Thousands Sign Petition in Solidarity With J.K. Rowling

Thousands of people have added their names to a petition that expresses solidarity with J.K. Rowling as the author's views on the transgender community continue to divide fans and create controversy.

The petition is being hosted on the platform and at the time of publishing, more than 23,000 people have added their names to express support for the Harry Potter creator.

The petition is a continuation of the letter of support for Rowling that was published in The Sunday Times in 2020 and signed by almost 60 high-profile writers and artists including Sir Tom Stoppard, actress Frances Barber, author Ian McEwan, actor and writer Griff Rhys Jones, and Monty Python star John Cleese.

The petition's creator stated that the letter was added to this platform so that others could add their names to it.

"This petition developed out of the following letter which proved so popular that we've moved it to this new platform. Originally, the letter was restricted to creative professionals, but now anyone who wishes may sign. Please add your name and share," the description reads.

Rowling has faced backlash and criticism for comments on gender identity, but the writer has denied she is transphobic.

The letter itself, published in September 2020, sought to denounce "hate speech" against Rowling for her comments about trans people.

"We are a group of writers, actors, directors, musicians, producers, comedians and artists who wish to speak in support of J.K. Rowling. She has been subjected to an onslaught of abuse that highlights an insidious authoritarian and misogynistic trend in social media," the original letter reads.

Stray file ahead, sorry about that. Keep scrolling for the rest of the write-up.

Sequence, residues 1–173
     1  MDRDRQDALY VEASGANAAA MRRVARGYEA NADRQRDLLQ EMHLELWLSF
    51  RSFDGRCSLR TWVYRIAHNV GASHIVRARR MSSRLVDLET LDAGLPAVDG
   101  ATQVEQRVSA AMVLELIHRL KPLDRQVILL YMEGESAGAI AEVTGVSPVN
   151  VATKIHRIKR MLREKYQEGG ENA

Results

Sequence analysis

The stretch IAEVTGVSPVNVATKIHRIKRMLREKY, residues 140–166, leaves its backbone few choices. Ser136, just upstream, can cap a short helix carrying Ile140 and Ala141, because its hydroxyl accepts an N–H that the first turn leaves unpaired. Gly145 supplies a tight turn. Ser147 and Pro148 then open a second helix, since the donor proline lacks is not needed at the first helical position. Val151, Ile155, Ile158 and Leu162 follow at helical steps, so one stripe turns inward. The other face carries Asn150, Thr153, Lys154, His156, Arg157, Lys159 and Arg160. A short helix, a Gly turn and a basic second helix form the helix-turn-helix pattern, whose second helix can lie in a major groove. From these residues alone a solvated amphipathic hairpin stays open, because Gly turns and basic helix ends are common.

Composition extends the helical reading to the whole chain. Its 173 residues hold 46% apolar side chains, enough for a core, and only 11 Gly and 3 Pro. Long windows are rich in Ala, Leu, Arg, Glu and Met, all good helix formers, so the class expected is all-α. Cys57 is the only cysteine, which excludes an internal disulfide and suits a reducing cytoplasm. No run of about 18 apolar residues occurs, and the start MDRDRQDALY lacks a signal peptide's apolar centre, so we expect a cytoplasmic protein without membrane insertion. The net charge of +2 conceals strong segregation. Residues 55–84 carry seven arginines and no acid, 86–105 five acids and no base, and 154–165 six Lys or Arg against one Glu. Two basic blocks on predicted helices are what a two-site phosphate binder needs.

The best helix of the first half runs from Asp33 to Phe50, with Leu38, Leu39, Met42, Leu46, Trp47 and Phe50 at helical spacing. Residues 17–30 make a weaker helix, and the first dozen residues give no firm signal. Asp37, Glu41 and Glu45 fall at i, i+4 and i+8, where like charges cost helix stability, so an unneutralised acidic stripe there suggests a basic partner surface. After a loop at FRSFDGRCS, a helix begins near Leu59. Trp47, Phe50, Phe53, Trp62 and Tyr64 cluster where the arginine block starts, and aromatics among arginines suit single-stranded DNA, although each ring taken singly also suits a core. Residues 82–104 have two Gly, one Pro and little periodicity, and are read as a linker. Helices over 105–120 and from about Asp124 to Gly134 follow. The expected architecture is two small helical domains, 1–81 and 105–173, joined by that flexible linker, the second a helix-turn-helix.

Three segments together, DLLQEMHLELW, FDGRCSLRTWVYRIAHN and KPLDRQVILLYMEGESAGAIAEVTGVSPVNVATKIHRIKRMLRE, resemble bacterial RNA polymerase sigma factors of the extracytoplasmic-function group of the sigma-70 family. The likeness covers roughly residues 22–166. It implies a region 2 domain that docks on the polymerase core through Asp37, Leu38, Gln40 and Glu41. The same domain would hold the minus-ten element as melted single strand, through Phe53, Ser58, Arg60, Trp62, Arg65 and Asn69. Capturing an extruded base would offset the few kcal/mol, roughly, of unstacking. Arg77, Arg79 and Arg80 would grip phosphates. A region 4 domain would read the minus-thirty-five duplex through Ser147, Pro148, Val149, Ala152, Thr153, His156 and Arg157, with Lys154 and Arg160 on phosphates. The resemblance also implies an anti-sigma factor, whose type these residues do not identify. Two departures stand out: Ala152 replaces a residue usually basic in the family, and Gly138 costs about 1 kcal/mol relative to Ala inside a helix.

"Rowling has consistently shown herself to be an honorable and compassionate person and the appalling hashtag #RIPJKRowling is just the latest example of hate speech directed against her and other women that Twitter and other platforms enable and implicitly endorse.

"We are signing this letter in the hope that if more people stand up against the targeting of women online, we might at least make it less acceptable to engage in it or profit from it."

It concludes: "We wish J.K. Rowling well and stand in solidarity with her."

J.K. Rowling
J.K. Rowling poses at “Harry Potter and The Cursed Child parts 1 & 2” on Broadway Opening Night at The Lyric Theatre on April 22, 2018 in New York City. Getty Images

In an essay published on her personal website in June 2020, Rowling shared some of her views on transgender issues.

She wrote: "When you throw open the doors of bathrooms and changing rooms to any man who believes or feels he's a woman—and, as I've said, gender confirmation certificates may now be granted without any need for surgery or hormones—then you open the door to any and all men who wish to come inside. That is the simple truth."

Also in June 2020, Rowling reacted to an article that referred to "people who menstruate," tweeting: "I'm sure there used to be a word for those people. Someone help me out. Wumben? Wimpund? Woomud?"

Earlier this month, Rowling received support from British lawmakers after she expressed her opposition to proposed laws, in which police in Scotland have said that they will "record rapes by offenders with male genitalia as being committed by a woman if the attacker 'identifies as a female.'"

J.K. Rowling
J.K. Rowling arrives at the 2019 RFK Ripple of Hope Awards at New York Hilton Midtown on December 12, 2019 in New York City. Dia Dipasupil/Getty Images